Mr. Matthew is studying law at the University of Chicago Law School.
It seems clear that one reason bad ideas catch on—even become law—is that the short-term effects appear to be so good. Without a clear, cool look at the long-range consequences of a proposal, we can be made to fall for all sorts of destructive programs. and so, bit by bit, our freedom and our treasured way of life are surrendered. With every “good deed” proposal we need to ask: “But where will it all end?” Let me give you an example of a court case in which “doing good” in the near term leads to such destructive results.
It’s early evening. An elderly man, Mr. Johnston, approaches the front door to his apartment building. This is a high crime area. The building’s front porch is dimly lit and the outer door is never locked. As Mr. Johnston is about to enter the building, the door is jerked open by a youth who has been hiding inside. The youth strikes and robs Mr. Johnston. Mr. Johnston brings a lawsuit against Mr. Harris, the landlord, claiming that the lighting and lack of locks were to blame for the assault. The trial judge throws the case out, but the Supreme Court of Michigan allows the case to go on. They find reasonable the idea that the landlord had created conditions to which criminals would be attracted that Mr. Harris had in effect set a trap for Johnston! (Johnston v. Harris, 387 Mich. 569)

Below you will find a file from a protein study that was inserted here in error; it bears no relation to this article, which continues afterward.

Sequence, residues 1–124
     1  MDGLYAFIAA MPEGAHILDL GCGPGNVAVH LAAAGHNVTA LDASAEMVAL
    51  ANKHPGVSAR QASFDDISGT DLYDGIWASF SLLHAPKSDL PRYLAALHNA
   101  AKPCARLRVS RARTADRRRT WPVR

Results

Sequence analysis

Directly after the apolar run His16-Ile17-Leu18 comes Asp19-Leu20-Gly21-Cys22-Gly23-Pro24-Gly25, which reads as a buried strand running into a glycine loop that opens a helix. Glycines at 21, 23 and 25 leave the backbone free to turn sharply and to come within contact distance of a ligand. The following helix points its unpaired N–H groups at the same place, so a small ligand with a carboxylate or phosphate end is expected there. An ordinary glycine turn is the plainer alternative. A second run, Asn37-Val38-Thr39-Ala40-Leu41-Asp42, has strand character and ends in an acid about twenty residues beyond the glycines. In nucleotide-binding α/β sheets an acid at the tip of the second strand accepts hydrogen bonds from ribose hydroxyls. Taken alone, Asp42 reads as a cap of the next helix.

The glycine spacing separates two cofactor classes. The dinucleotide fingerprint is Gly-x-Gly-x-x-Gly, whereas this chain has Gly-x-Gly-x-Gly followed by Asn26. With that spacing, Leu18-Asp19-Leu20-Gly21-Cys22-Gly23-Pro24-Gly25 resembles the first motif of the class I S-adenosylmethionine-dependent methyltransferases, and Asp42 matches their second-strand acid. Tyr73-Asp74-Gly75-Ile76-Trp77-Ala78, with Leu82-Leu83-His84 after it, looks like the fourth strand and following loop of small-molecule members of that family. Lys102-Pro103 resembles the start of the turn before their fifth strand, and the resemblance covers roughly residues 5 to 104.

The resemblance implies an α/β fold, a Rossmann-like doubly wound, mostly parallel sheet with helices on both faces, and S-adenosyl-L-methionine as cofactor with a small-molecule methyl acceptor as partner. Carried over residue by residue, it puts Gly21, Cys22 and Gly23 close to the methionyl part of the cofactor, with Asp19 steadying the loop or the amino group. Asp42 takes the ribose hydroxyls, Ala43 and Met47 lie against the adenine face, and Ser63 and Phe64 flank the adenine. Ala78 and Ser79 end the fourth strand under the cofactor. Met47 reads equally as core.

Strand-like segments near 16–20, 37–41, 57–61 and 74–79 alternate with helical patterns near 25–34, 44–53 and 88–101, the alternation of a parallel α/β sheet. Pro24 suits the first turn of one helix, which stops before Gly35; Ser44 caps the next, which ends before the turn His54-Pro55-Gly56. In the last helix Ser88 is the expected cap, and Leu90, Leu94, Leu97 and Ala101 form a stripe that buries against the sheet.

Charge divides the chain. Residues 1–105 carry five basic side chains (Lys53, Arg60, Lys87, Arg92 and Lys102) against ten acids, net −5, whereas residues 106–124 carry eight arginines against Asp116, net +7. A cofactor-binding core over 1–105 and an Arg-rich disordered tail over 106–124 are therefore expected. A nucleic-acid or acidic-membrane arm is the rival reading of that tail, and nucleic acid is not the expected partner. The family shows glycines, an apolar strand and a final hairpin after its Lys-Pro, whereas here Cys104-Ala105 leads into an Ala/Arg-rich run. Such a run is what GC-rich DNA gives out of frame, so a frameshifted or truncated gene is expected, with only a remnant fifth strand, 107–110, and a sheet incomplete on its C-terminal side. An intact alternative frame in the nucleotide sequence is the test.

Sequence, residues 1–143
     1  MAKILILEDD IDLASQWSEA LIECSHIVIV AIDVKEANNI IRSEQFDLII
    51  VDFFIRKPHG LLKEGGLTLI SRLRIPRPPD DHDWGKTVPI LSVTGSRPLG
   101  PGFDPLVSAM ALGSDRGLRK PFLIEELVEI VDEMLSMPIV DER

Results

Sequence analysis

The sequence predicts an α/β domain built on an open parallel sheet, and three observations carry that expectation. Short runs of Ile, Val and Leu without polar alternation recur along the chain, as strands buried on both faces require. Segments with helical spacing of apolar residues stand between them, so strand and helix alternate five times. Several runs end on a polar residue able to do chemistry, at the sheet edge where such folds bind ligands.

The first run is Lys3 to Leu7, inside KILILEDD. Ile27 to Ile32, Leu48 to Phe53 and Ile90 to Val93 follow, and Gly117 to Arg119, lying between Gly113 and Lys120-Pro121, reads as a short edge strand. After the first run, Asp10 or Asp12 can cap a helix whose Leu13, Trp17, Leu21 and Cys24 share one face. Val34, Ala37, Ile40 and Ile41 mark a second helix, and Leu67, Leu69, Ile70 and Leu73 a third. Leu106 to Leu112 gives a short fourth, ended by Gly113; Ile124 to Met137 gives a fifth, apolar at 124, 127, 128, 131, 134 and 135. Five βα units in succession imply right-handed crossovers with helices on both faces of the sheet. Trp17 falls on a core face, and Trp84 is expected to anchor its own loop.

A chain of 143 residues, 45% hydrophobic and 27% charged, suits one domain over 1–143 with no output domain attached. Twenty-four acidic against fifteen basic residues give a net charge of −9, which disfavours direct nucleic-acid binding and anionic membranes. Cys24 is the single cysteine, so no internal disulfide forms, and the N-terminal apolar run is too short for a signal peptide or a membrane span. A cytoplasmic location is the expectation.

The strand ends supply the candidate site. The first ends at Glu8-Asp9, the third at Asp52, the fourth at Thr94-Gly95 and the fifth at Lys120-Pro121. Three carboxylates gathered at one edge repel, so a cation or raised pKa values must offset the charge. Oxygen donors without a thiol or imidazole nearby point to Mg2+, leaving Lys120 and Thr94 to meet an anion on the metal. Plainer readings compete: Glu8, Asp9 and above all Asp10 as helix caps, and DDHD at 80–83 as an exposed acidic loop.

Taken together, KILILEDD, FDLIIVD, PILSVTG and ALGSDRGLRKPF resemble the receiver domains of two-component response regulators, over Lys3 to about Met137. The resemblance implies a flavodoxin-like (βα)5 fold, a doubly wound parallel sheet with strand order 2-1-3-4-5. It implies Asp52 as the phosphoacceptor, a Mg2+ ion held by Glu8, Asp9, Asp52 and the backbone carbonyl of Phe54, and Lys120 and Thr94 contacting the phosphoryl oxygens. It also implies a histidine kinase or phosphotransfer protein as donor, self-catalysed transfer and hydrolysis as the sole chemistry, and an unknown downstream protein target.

We all feel very sorry for Mr. Johnston. The assault was a terrible and deplorable act. But we should ask: How do the blame and responsibility for that assault find their way to Mr. Harris, and will placing the blame on him really help all the other Mr. Johnstons in the world? Let’s play “do-gooder” and find out.
First, let’s not give Mr. Harris any benefit of the doubt. Let’s forget what the words “high crime area” imply about the ability to maintain a building. Let’s not consider the possibility that every one of the last ten locks he installed had been broken within days. Let’s not ask if the lights were often vandalized by tenants and others, so that he was hardly able to keep the area lit at all. Let’s figure he simply didn’t make these changes due to their costs. Rotten old Mr. Harris.
So due to Johnston v. Harris, Mr. Harris is now forced to add new, better locks and lights. We have done some good today, and we can go home, right?
But Mr. Harris cannot go home. He has to worry about what the next court will decide.